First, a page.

Books & Film

Rudyard Kipling and the Great War – with a Canadian Flavour


Before you hit the buffalo, find out where the rest of the herd is. – Proverb.

introduction notes on the text

THIS particular fold of downs behind Salisbury might have been a hump of prairie near Winnipeg. The team that came over the rise, widely spaced between pole-bar and whiffle- trees, were certainly children of the prairie. They shied at the car. Their driver asked them dis- passionately what they thought they were doing, anyway. They put their wise heads together, and did nothing at all. Yes. Oh, yes! said the driver. They were Western horses. They weighed better than twelve hundred apiece. He himself was from Edmonton way. The Camp? Why, the camp was right ahead along up this road. No chance to miss it, and, ‘Sa-ay! Look out for our lorries!’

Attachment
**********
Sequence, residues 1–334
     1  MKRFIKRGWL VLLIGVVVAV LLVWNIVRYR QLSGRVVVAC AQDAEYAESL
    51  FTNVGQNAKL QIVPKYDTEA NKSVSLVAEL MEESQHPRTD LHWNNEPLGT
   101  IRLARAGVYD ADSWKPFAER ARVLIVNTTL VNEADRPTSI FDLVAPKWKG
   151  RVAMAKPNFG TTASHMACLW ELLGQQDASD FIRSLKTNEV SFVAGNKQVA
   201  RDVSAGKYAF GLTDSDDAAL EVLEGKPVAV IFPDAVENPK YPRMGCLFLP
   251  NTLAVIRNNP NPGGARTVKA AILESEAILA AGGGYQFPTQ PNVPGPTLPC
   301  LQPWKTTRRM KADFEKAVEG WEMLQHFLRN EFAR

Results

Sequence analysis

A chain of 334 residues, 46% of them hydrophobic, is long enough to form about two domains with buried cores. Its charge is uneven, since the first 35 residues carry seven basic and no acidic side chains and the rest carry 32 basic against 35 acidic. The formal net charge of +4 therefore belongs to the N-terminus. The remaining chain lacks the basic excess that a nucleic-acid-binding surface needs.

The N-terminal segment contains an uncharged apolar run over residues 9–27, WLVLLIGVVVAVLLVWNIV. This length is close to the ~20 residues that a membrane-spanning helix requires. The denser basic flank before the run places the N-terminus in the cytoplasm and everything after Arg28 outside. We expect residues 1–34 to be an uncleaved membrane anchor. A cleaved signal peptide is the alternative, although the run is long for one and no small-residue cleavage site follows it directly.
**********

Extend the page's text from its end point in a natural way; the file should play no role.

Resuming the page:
A fleet of them hove in sight going at the rate of knots, and keeping their left with a conscientiousness only learned when you come out of a country where nearly all the Provinces (except British Columbia) keep to the right. Every line of them, from steering- wheel to brake-shoes, proclaimed their nationality. Three perfectly efficient young men who were sprinkling a golf -green with sifted earth ceased their duties to stare at them. Two riding-boys (also efficient) on racehorses, their knees under their chins and their saddles between their horses’ ears, cantered past on the turf. The rattle of the motors upset their catsmeat, so one could compare their style of riding with that of an officer loping along to over- take a string of buck-wagons that were trotting towards the horizon. The riding-boys have to endure sore hardship nowadays. One gentleman has already complained that his ‘private gallops’ are being cut up by gun- wheels and ‘irremediably ruined.’